During the days when Nicky was away at work, I'd sit around and write in the steamy apartment. Showcase would bring a couple of dogs home with him during the afternoon. He's a dogwalker for uber-rich and somewhat famous clients such as an ex-spouse of a cast member from a popular HBO drama and he also takes care of a dog owned by of the actors from a famous NBC sitcom. The dogs of the stars roam freely in the apartment when he stops by.

Two months ago I was in Tennessee at Bonnaroo and watched a dude with possum-made boots snort coke off a buck knife in the middle of the crowd at Sonic Youth show. A month ago in Las Vegas, I lost $400 because Otis proved me wrong and ate two Keno crayons. And just the other day, I sat in a Beverly Hills apartment and played online poker while gay, nut-biting, toy humping sexually overactive dogs of famous actors hung out on the couch next to me.

One dog was nicknamed Gay Mack because he only liked to hump other male dogs. One was a a tiny red Dachshund named Billy. He was a pussy for a dog and could not leave Showcase's side. Billy would also chew and bite his testicles in order to masturbate. He did it for a few minutes while I sat on the couch and stared in amazement and jealousy. The other dog was a pug named Pug. He was the "biggest fuckin' pug" that I have ever seen. Pug liked to hump a squeeze toy that would moan when he mounted it.

One night after consuming copious amounts of medicinal weed, Nicky and I headed to Ralph's for a late night stoner's shopping spree. We only went in for a few items and $84 and thirty minutes later, we walked out with four bags of things. I dunno why I bought a bottle of Maraschino cherries bathed in sweet brandy. We bought three kinds of ice cream; Haagen-Dazs Vanilla, Ralph's version of Mint Chocolate Chip, and Ben & Jerry's Vermonty Python. We also bought a bottle of Aloe, whipped cream, Snapple iced tea, and Vanilla extract.


There are two types of LA people... day citizens and night zombies. Earlier in the year when I was in Hollyweird, I spent most of my time partying hard avoiding the daylight and roaming the city late at night during one of the most rowdy benders I've undertook in the last few years. We were vampires and slept during the days and partied every night until sunrise. I would not crash until 6am and by the time I woke up, everyone on the East Cast was leaving work for the day.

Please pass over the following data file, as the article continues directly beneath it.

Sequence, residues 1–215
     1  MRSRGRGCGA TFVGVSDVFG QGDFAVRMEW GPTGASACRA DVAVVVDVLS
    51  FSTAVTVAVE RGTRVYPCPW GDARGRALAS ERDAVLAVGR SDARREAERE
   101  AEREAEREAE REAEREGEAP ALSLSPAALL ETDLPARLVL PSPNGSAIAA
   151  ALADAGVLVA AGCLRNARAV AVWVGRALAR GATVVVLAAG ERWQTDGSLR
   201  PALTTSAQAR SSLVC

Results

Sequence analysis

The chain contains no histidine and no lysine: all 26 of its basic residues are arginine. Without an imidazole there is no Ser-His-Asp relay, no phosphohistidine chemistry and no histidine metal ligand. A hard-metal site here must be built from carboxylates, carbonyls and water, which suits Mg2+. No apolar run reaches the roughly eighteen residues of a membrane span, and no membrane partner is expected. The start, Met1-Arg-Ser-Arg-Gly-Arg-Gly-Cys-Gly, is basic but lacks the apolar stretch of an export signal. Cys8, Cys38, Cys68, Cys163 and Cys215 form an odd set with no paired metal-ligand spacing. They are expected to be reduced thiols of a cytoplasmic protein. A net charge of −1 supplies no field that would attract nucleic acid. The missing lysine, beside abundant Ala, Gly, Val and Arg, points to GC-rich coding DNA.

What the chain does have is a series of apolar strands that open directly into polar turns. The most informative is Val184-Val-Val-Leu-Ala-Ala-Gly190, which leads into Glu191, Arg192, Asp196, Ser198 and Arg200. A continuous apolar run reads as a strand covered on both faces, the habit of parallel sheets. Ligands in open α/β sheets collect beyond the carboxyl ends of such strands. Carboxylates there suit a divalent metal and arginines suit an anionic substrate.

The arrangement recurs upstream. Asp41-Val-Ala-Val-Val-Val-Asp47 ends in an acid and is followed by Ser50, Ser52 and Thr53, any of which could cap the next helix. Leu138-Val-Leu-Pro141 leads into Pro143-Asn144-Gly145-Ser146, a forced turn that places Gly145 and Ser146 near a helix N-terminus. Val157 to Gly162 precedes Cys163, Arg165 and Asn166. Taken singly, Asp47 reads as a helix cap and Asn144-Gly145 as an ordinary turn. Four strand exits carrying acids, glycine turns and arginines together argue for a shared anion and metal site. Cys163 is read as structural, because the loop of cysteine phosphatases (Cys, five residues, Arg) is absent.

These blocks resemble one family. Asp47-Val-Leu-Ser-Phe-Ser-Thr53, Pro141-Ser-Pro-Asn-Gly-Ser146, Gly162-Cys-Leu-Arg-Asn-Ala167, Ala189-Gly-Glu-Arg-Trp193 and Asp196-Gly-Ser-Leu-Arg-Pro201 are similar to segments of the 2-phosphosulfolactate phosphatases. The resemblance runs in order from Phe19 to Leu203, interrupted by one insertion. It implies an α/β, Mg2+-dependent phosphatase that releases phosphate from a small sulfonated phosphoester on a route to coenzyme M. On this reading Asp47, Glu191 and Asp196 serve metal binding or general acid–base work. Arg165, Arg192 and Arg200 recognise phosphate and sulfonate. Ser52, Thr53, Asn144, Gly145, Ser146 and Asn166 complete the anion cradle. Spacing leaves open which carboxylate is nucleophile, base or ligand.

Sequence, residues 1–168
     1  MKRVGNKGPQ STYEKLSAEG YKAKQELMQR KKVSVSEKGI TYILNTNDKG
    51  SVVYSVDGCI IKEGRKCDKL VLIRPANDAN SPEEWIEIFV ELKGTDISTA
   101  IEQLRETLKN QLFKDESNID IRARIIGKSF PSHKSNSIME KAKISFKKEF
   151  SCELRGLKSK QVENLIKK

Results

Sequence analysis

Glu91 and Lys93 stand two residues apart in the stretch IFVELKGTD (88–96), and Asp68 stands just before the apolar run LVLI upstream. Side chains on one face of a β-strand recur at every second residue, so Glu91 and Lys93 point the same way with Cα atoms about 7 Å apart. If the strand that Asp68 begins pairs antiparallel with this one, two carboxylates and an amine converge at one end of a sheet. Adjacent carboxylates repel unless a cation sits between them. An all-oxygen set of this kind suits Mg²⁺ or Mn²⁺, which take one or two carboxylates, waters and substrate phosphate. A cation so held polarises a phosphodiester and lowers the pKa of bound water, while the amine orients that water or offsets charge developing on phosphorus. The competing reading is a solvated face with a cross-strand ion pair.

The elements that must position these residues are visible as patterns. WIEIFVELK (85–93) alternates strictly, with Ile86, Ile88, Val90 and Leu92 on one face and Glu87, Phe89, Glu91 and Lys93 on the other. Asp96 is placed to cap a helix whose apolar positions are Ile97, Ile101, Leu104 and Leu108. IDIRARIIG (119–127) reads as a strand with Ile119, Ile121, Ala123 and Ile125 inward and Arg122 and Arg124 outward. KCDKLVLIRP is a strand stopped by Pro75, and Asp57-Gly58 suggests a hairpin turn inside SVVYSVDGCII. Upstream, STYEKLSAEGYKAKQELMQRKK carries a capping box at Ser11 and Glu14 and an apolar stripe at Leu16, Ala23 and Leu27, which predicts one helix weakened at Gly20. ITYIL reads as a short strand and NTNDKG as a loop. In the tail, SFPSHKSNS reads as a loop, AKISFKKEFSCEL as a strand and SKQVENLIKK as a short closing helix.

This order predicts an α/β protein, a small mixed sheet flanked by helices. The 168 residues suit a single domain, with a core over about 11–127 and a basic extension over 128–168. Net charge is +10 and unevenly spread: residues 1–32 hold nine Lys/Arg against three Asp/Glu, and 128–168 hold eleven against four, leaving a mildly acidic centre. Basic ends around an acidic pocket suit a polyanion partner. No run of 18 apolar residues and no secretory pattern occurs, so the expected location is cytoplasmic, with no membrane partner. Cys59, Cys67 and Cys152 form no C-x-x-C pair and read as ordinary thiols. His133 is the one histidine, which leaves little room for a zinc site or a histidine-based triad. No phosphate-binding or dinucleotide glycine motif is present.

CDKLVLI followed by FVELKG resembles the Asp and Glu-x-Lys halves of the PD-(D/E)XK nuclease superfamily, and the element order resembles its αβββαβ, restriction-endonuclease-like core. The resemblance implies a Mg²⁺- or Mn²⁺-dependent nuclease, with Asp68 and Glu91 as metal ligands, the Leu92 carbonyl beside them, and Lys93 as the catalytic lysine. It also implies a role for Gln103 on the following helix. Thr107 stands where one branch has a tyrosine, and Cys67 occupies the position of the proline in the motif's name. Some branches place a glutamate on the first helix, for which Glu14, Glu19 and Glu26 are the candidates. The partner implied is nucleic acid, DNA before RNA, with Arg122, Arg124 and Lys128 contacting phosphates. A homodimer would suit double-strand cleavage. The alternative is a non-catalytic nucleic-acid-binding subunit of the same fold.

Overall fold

I tried to get up early on this trip, being a part of the healthy LA scene. Part of that was eating much better... lots of fruit and juices in the morning. For a couple days in a row, Nicky and I were up at 9am and we're out of the door by 10am headed to the beach. We needed to get an early start during the holiday weekend. Since I'm on a donut diet, I could not eat the donuts at Yum Yum on La Cienega, which we would pass on our way to the freeway. I would always order a croissant and an apple fritter. Although a fritter is just like a donut, it's technically not one so I found a loophole in my donut diet. But I've been donut free for over 12 days and counting.

The drive up to Zuma Beach in Malibu was not bad if we left the city around 10am. We'd be physically on the beach no later than 11am in a decent spot too. Zuma is one of my favorite places to hang out. The beaches are very clean and the view is magnificent. We'd stay for two or three hours while Nicky read Chuck Klosterman's Killing Yourself to Live and I tackled my novel. I had a photocopy of JTSMD and a pen from the Excalibur in Las Vegas. The chapters were short (roughly 30 of them) and I pretty much tore my work to shreds.

Before we started going to Zuma everyday, I found it difficult working on JTSMD. There's something about the ocean or the beach or Zuma itself that inspired me to get my shit together.

It's strange re-working something I originally wrote four years ago. I'm a different person now and a different writer. I was working on Wall Street at the time I wrote JTSMD and I rushed it inside of ten days. Four years later, I'm no longer in the trenches and miraculously supporting myself as a writer. I'm a much better storyteller today so in a way, I'm not destroying my previous work. Instead I'm just telling it in a more concise manner. I'm eliminating a lot of the unnecessary filler and I will be adding more backstory to clarify some of the troubled areas in the book. The song remains the same. Ivan the Russian Cab Driver is alive again.